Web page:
Too many meetings drag on without participants discussing the real problems that need to be addressed. People talk around the important issues during the meeting and actually address them before or after it — which renders the meeting a waste of time and makes you, the meeting organizer, look bad. Combat this risk by explicitly asking that issues be discussed in the meeting, not outside of it. Be specific about the meeting’s topic, letting everyone know ahead of time what you expect their contributions to be. State the meeting’s purpose in the agenda, and reiterate it when the meeting begins, explaining that all problems should be raised in the room. While some people may resist your directness, calling out difficult issues at the start of a meeting will increase the likelihood of candid discussions rather than hallway gossip.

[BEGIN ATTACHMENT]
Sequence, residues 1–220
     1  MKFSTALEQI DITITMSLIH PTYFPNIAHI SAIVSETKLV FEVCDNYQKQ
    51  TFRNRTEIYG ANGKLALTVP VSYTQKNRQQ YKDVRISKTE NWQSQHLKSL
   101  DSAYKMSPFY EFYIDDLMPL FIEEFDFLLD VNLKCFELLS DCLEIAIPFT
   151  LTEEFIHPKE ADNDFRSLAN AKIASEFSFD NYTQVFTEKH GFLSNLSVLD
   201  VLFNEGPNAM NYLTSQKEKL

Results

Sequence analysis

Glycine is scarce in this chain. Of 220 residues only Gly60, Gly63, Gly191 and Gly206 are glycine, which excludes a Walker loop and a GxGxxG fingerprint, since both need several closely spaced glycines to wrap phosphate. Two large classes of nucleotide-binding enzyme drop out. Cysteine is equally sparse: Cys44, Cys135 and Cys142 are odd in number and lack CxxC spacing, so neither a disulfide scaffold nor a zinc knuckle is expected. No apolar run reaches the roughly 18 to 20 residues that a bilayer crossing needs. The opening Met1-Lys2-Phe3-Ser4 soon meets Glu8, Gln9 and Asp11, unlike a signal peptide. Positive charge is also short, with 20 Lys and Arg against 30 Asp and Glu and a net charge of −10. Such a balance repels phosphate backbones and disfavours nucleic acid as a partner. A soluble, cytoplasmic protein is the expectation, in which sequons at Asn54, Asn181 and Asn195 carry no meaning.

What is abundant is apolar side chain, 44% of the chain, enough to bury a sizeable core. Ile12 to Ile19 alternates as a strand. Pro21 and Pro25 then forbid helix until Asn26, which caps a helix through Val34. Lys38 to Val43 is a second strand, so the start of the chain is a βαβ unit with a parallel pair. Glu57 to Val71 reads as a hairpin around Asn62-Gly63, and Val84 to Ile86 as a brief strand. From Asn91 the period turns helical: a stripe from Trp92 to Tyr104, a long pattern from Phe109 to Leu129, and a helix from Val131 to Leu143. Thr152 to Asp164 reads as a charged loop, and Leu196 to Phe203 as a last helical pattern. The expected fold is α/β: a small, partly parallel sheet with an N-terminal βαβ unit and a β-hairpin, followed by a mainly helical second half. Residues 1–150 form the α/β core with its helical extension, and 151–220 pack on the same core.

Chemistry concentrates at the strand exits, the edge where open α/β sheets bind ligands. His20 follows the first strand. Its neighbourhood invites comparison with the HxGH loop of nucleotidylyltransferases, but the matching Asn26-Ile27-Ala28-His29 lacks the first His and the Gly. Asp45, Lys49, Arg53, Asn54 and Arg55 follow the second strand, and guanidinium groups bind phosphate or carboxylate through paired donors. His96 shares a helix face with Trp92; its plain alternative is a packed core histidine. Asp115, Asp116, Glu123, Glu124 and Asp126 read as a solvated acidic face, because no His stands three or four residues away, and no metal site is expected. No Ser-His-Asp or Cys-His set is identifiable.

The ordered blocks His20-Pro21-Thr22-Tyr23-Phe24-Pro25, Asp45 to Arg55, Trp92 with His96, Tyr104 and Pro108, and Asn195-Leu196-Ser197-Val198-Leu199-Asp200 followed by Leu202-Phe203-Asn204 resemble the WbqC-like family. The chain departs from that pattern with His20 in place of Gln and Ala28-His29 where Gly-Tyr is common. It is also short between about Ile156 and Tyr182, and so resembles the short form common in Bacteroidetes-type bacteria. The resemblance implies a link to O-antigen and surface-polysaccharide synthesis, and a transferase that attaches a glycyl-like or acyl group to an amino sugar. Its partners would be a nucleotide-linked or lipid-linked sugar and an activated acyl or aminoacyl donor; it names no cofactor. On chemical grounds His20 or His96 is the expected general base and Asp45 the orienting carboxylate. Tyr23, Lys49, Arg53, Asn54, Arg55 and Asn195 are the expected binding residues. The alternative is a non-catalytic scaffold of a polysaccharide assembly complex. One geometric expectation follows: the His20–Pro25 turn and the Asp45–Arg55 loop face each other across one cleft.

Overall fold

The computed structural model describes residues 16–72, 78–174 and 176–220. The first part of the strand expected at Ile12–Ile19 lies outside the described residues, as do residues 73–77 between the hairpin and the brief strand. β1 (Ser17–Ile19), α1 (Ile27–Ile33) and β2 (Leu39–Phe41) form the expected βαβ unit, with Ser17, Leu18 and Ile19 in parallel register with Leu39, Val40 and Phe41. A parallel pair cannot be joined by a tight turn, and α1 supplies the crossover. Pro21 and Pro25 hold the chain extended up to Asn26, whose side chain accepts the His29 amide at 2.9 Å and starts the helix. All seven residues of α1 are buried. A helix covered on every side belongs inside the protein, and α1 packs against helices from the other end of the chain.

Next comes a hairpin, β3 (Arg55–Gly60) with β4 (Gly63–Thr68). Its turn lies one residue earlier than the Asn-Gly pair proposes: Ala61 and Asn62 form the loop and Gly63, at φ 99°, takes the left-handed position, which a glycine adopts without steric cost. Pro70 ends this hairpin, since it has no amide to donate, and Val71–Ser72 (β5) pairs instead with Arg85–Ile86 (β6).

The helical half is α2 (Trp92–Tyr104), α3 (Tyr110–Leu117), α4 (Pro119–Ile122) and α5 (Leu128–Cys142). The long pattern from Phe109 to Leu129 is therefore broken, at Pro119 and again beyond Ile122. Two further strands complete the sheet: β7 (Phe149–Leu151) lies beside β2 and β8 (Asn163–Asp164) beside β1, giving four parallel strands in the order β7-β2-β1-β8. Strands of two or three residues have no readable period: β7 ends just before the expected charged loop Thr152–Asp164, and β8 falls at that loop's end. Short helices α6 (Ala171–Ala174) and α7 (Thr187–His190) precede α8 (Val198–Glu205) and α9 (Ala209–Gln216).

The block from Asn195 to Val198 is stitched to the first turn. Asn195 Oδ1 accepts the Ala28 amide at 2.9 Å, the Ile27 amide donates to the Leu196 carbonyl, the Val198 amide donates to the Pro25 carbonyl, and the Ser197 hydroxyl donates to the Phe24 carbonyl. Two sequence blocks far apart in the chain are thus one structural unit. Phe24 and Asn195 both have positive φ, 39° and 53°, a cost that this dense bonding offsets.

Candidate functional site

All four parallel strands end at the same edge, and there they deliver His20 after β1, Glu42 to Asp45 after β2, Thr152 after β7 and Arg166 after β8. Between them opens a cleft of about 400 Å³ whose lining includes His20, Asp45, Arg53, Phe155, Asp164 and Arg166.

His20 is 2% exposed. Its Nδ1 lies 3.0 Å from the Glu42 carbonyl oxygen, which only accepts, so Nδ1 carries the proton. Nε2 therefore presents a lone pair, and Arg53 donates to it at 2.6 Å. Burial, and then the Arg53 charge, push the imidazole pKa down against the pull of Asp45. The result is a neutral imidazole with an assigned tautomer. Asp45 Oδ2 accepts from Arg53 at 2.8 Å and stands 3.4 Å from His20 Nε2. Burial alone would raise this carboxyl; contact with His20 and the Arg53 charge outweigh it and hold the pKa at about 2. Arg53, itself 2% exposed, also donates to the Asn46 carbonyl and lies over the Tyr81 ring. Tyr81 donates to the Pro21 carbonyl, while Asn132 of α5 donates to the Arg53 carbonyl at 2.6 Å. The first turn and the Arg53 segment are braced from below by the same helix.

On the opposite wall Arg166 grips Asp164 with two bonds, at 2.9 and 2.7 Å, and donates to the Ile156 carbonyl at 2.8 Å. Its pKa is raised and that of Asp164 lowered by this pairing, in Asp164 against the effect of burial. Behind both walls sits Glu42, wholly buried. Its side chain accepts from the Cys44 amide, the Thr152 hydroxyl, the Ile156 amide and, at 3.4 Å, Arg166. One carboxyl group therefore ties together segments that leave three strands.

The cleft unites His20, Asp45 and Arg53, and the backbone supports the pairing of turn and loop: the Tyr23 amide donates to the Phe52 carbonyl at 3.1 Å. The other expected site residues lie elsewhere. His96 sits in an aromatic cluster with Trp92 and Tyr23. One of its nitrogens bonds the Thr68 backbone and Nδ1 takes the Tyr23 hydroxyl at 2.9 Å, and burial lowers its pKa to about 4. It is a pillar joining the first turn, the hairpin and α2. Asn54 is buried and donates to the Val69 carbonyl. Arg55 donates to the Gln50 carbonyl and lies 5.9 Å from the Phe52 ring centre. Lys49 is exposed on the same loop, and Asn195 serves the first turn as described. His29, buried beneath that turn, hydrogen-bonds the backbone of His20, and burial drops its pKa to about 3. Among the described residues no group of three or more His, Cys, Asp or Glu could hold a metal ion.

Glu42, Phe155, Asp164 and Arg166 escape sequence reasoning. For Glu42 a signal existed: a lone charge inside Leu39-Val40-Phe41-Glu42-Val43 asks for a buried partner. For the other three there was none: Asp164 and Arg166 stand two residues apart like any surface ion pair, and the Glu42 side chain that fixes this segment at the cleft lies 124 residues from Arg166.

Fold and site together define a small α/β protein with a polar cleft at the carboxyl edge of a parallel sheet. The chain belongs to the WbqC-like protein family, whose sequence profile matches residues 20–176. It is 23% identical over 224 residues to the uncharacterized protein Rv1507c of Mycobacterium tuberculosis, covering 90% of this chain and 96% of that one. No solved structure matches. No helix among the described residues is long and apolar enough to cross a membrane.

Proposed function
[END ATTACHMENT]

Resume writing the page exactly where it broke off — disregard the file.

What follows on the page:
Source: HBR

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